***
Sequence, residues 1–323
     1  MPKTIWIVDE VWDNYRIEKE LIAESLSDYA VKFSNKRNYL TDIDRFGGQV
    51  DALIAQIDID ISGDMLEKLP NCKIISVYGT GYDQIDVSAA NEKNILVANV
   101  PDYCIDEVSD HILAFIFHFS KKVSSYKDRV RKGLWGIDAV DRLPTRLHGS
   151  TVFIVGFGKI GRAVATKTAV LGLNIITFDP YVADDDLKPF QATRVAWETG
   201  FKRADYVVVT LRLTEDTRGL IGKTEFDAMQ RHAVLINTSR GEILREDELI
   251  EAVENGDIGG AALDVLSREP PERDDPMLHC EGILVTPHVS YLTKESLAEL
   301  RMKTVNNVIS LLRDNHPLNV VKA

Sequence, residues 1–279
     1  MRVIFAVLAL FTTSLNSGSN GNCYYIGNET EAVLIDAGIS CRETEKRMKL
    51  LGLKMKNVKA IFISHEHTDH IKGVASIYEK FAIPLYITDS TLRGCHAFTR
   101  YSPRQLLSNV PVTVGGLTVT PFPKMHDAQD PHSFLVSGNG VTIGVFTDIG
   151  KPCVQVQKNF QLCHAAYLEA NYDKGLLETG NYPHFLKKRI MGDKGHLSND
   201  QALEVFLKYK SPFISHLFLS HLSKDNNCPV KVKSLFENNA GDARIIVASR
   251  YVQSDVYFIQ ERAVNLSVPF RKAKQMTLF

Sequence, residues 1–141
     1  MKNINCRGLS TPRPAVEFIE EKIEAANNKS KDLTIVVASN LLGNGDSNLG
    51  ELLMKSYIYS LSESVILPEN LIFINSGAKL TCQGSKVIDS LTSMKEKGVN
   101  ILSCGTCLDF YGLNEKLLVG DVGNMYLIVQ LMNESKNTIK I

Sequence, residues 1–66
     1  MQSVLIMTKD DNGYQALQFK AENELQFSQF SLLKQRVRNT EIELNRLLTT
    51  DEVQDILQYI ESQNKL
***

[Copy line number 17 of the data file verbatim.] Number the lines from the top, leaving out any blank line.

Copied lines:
     1  MKNINCRGLS TPRPAVEFIE EKIEAANNKS KDLTIVVASN LLGNGDSNLG